Russia and the System of Transatlantic Security: Perspectives for the Future
Today many scholars argue whether contemporary world has become more secure and safer in comparison to the Cold War era. We may find many arguments in favor of one or another point of view on this issue, but one thing is doubtless: today’s challenges and threats are more asymmetric in character and, consequently, require a more flexible attitude toward finding solutions and answers. The international security system, which was created in the middle of twentieth century, can hardly be applied to contemporary reality and calls for a serious revision of at least some key principles which have lost their relevance, if not a total modernization of whole arrangement. The need for of this has been coming for a long time. Such event like September 11th as well as terrorist attacks in Europe, Russia and the Middle East, war in Iraq and a political discourse about its inevitability and legitimacy underlined the urgency of required transformation. All these are just some examples, very striking though, of little compatibility between the existing world order and the new security threats. Ignoring this fact, in our opinion, may lead to even more dramatic and catastrophic consequences for the system of international security.
In the last several years, the most sensitive tests and changes have occurred in the relations between the United States and European countries. The experience of joint missions on the Balkans, formation of the anti-terrorist coalition and debates over the war in Iraq highlighted that the Allies have different views on some issues of international security. The US and European policy in regard to other players in the international arena differs as well. Russia is not exclusion in this context. During a long period of the Cold War, the western approach toward communist Russia was not only unanimous, but also served as a “concrete basis” for transatlantic unity. However, since collapse of the Soviet Union the entire world witnessed the new Russia with new political approaches and priorities and the western countries were forced to find ways for dealing with Russia not as an adversary, but as a partner. There are many important and interesting questions being raised here. How is Russia building its contemporary relations with transatlantic allies? How does the transformation of transatlantic relations affect the Russian foreign policy? How have recent changes been reflected in Russian political behavior? What perspectives this process opens for Russia, United States and the European Union? An attempt to find the answers on these questions is clearly an ambitious goal of this paper.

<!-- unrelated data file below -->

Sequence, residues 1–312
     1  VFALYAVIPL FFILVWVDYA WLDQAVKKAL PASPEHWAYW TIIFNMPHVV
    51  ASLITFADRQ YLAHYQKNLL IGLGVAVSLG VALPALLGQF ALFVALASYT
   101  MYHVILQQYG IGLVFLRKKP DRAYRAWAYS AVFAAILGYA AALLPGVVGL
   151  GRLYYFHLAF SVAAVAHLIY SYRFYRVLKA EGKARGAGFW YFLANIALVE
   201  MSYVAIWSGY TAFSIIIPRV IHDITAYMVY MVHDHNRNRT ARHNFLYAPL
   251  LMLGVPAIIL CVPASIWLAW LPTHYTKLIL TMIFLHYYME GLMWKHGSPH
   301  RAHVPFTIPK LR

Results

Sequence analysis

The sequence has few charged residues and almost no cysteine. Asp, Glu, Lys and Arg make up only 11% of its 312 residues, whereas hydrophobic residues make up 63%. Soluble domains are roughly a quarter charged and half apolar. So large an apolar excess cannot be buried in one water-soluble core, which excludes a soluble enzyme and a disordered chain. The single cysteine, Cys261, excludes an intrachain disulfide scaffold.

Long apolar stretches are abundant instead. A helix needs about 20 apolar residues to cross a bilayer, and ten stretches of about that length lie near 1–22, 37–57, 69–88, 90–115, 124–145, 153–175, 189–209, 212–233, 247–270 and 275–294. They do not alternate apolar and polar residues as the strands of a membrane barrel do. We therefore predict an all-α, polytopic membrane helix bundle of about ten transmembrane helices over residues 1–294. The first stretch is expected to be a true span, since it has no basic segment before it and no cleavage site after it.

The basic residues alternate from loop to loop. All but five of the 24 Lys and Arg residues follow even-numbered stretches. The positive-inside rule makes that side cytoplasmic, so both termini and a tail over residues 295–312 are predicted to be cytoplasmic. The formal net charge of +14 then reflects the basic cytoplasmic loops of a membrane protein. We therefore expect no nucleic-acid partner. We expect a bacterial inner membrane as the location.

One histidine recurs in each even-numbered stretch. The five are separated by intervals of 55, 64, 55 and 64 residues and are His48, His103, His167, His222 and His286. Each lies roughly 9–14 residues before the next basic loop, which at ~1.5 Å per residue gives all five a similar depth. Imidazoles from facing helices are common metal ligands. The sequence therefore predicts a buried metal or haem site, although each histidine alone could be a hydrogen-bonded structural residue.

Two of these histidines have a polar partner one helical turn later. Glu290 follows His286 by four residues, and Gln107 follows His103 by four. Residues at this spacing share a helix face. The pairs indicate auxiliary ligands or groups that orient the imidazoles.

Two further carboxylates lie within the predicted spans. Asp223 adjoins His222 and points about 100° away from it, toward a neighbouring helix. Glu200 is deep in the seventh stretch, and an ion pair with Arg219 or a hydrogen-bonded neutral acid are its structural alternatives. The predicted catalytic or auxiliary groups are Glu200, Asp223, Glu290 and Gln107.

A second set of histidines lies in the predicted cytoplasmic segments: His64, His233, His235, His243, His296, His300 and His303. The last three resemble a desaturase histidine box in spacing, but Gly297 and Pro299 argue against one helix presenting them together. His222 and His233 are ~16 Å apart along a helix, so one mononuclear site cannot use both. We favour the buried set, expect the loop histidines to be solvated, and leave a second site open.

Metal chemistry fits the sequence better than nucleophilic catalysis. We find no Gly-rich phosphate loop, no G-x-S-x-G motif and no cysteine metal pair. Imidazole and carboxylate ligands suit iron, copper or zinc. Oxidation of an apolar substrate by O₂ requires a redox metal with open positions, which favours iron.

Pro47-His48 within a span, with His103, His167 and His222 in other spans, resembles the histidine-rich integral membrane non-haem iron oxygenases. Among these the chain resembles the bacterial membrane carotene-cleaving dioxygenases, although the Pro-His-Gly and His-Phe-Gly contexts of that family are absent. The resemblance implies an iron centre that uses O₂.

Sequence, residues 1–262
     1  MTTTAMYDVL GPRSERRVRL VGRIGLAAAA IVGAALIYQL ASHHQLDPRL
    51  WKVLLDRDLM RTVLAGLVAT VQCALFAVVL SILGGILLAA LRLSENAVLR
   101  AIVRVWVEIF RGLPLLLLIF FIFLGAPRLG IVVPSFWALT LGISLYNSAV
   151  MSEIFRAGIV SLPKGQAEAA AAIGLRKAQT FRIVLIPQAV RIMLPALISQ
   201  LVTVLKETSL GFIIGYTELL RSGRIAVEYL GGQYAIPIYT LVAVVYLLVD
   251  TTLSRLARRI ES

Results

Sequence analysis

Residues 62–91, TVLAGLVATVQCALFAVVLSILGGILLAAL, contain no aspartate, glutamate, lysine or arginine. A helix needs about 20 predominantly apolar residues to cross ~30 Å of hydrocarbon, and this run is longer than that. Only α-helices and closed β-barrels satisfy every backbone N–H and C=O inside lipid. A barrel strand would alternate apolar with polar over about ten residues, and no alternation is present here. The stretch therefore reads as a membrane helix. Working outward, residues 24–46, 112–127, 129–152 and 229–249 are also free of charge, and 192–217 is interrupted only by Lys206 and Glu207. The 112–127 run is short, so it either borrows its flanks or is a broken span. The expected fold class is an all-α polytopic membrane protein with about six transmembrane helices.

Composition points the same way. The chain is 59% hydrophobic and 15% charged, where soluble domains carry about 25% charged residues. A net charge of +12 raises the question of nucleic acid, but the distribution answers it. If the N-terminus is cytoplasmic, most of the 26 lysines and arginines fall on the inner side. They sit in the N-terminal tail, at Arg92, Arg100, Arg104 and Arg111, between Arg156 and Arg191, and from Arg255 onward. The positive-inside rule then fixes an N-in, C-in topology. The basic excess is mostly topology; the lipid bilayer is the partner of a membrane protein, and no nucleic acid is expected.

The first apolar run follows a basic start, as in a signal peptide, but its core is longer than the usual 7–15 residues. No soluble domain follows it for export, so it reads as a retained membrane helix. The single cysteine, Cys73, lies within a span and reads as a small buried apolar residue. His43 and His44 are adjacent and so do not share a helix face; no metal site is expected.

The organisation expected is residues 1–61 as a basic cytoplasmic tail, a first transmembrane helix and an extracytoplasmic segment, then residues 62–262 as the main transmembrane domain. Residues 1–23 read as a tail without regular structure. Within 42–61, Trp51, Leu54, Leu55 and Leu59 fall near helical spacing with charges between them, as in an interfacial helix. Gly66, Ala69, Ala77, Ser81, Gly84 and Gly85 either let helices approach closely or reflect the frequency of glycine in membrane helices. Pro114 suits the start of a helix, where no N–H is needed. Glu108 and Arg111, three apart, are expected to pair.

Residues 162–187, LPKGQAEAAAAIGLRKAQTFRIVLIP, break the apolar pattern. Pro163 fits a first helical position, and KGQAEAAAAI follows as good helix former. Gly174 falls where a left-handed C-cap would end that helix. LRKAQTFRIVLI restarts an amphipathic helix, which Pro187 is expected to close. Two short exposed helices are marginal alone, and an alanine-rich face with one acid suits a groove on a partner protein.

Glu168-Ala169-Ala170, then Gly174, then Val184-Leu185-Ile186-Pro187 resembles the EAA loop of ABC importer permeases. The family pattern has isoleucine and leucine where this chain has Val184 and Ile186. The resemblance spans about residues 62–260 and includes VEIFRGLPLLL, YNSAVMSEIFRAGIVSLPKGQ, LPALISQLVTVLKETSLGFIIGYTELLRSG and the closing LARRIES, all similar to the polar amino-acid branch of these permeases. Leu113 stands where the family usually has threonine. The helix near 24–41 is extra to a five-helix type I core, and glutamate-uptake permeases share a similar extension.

1. Transatlantic Split or Steadfast Alliance?
The clashes between transatlantic allies are not new. There are a number of historical examples, which clearly demonstrates serious disagreements between European countries and the United States in the past. Suet Crisis of 1956, Algeria and Vietnam wars in 50s and 60s, US bombing of Libya in 1986 and later NATO “out of area” operations in the 90s, when some Americans asked their NATO allies “to go out of area or out of business,” these are just several illustrations of serious discords between Europe and the United States. The nature of the difference of opinions, apparently, came from dissimilar perceptions of threat, which is forming on both sides of Atlantic. In many circumstances, the US saw European states as “free-riding appeasers” of states that threaten global US interests. On the other hand, there is the European perception of Americans as “simplistic crusaders who seek to assert their authority over their own allies.”1